The U.S. has added fewer new households in 2010 than at any other time within the last 30 years, according to recent Census Bureau estimates. The increase of 357,000 households represents only 0.3 percent compared with an average of 1.2 percent. Numbers have been declining since 2008.
However, the U.S. population has grown by 0.9 percent between 2008 and 2009.
A number of factors contribute to this decline including younger generations struggling in the job market and live with their parents; older generations, including many Hispanics, who live with their children or grandchildren for both cultural and financial reasons; and the increased numbers of unwed couples living together.
Among unwed couples, the number of both partners working dropped nearly 10 percent since 2008 to just under half. Only 76 percent of the men in these couples reported working in 2009, down 10 percent from the number of men in new 2009 couples.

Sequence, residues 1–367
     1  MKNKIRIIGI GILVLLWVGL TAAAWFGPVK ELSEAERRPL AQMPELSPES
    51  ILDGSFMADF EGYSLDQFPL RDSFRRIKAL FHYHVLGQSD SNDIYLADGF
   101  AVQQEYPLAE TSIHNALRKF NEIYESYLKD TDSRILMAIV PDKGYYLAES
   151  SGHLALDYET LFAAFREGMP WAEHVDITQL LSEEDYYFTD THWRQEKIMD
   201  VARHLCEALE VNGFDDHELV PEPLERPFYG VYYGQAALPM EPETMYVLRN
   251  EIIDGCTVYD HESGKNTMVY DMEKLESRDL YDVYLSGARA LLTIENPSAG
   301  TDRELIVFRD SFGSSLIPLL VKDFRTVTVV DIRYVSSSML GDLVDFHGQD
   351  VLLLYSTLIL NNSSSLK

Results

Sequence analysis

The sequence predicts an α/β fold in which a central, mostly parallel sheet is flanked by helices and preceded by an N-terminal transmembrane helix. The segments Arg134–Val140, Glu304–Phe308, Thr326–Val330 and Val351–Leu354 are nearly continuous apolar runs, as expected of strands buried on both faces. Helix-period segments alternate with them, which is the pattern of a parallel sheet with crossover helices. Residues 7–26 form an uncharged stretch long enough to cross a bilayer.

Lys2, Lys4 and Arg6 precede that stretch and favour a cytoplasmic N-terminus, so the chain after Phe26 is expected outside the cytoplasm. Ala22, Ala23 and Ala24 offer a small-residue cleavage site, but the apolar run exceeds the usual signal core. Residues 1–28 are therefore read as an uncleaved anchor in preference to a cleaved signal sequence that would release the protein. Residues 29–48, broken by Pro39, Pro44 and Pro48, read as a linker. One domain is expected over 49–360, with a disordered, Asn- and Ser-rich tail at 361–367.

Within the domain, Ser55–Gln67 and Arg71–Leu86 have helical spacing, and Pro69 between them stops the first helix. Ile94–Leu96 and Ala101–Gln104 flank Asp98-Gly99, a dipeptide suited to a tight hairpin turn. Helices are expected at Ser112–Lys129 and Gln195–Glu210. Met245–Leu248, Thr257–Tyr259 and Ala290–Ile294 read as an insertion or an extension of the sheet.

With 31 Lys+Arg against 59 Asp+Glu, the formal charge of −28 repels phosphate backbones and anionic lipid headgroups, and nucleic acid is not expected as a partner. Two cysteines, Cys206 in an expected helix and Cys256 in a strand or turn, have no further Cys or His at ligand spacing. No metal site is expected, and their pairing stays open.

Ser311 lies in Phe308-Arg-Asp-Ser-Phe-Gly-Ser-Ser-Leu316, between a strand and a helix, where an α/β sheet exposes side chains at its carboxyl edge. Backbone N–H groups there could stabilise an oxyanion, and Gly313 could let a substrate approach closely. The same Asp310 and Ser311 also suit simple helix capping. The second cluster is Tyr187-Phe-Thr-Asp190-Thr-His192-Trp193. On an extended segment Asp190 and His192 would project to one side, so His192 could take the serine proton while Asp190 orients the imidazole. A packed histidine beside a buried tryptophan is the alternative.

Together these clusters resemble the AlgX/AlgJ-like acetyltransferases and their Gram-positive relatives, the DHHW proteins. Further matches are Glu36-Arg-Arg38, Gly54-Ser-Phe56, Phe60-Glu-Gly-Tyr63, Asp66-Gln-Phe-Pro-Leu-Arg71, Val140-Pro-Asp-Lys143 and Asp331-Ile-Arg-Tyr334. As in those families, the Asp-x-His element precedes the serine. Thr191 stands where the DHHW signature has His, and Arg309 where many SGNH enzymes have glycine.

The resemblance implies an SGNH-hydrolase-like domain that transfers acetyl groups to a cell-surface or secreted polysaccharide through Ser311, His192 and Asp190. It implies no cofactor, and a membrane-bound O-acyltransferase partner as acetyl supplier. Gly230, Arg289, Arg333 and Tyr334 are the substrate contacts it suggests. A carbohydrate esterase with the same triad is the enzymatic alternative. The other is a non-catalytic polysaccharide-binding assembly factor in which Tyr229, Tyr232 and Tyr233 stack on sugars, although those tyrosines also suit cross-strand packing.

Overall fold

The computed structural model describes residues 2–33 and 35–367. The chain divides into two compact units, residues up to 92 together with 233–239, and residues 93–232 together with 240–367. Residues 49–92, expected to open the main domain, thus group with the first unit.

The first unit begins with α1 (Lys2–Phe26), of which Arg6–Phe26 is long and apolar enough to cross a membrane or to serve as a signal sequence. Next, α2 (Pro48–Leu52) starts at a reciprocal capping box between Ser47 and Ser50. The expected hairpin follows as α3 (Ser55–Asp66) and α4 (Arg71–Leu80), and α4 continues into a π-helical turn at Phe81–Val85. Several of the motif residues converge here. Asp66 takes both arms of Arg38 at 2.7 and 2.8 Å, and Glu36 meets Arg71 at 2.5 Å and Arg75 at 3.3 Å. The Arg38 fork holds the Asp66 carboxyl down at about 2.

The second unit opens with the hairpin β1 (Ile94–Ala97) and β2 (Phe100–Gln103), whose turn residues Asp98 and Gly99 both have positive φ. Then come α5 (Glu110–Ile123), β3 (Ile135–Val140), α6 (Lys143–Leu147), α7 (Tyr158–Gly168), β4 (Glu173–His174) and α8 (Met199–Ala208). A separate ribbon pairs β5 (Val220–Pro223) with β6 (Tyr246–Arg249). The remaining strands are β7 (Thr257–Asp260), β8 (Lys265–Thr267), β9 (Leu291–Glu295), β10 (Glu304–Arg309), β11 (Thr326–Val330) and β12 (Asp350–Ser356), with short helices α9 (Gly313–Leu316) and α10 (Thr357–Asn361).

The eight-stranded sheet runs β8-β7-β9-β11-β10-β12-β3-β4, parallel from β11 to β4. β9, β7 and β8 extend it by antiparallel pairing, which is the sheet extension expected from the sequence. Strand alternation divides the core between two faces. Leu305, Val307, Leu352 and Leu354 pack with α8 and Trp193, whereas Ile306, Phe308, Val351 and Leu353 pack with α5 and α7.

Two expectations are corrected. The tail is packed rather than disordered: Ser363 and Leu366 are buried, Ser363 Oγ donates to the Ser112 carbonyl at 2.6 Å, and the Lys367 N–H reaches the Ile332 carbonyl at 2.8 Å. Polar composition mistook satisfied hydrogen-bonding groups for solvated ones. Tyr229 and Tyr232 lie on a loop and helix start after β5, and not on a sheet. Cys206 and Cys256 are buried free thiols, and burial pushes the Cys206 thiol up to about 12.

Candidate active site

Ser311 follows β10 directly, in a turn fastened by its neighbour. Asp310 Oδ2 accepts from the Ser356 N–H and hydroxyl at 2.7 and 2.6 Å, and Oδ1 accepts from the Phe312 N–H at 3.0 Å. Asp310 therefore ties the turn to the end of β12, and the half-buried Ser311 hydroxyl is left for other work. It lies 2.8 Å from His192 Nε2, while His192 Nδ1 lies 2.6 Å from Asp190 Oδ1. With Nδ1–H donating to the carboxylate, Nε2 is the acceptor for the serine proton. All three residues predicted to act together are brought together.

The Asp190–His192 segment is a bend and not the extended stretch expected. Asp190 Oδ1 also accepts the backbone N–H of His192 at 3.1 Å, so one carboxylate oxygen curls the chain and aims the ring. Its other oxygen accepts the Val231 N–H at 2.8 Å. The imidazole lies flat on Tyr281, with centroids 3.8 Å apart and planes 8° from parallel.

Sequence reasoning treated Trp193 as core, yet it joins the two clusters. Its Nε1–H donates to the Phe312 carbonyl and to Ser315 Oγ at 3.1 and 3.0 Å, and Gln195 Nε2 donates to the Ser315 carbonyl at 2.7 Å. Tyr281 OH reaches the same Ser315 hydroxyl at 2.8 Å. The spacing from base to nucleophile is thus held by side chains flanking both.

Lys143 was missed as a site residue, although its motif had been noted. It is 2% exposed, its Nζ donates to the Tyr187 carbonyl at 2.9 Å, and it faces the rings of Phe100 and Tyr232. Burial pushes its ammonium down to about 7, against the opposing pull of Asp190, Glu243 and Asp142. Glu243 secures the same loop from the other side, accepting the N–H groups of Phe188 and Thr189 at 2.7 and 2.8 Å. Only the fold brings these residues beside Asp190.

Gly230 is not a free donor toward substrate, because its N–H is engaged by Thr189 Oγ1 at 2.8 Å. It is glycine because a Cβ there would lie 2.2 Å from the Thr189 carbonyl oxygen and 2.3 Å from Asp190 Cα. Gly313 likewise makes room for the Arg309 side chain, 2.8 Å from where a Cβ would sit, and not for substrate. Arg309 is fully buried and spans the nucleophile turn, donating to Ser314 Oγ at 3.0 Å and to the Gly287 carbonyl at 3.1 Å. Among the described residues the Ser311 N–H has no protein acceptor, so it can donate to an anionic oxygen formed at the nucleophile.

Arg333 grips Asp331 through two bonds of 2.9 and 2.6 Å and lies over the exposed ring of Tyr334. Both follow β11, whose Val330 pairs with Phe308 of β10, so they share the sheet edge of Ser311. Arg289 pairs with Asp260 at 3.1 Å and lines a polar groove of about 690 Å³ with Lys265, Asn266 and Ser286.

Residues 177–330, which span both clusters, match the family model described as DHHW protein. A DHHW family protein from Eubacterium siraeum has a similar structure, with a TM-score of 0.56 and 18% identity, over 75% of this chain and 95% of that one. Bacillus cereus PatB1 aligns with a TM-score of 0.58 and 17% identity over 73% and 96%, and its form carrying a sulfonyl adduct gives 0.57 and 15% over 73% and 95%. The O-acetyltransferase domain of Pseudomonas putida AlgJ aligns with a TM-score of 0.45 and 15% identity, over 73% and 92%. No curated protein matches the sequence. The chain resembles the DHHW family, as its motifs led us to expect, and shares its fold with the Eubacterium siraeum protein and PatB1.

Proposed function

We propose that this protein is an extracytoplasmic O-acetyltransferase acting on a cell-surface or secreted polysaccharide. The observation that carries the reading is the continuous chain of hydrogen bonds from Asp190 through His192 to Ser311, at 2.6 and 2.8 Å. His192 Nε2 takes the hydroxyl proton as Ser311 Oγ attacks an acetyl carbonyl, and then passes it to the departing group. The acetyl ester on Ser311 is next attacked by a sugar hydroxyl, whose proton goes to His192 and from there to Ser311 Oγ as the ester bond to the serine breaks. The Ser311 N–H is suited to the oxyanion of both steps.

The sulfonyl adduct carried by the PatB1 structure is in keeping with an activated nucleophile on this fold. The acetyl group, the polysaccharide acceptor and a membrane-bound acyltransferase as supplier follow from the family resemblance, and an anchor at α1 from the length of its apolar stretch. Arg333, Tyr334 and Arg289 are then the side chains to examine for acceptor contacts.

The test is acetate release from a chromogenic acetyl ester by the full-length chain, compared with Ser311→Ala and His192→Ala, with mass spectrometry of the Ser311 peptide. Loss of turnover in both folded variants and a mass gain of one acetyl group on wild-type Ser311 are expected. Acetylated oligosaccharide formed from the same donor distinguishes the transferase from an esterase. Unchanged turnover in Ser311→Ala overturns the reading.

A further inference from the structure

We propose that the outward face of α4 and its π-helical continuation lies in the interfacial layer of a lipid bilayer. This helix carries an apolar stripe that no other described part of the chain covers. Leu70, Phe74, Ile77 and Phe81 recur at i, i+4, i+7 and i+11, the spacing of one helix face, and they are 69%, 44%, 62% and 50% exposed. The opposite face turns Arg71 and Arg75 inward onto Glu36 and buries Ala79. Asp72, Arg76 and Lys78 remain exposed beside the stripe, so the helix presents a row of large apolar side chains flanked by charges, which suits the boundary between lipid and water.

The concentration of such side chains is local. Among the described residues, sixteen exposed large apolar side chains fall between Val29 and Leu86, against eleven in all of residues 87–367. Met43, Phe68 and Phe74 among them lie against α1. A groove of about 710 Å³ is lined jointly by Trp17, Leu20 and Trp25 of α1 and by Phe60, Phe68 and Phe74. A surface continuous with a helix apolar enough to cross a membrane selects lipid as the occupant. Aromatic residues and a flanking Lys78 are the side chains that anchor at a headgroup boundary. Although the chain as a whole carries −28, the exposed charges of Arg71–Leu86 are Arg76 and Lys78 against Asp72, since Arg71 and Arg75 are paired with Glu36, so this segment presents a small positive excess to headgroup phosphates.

Of existing couples, 40 percent of the men are 45 and older. Of the newly formed couples, that number drops to 26 percent. The percentage of those under 30 climbs from 23 percent to 37 percent. The figures for women in the relationships show corresponding shifts. The numbers of couples where both partners are black nearly double from 6.8 percent to 11.4 percent, when looking at the differences between existing and new couples.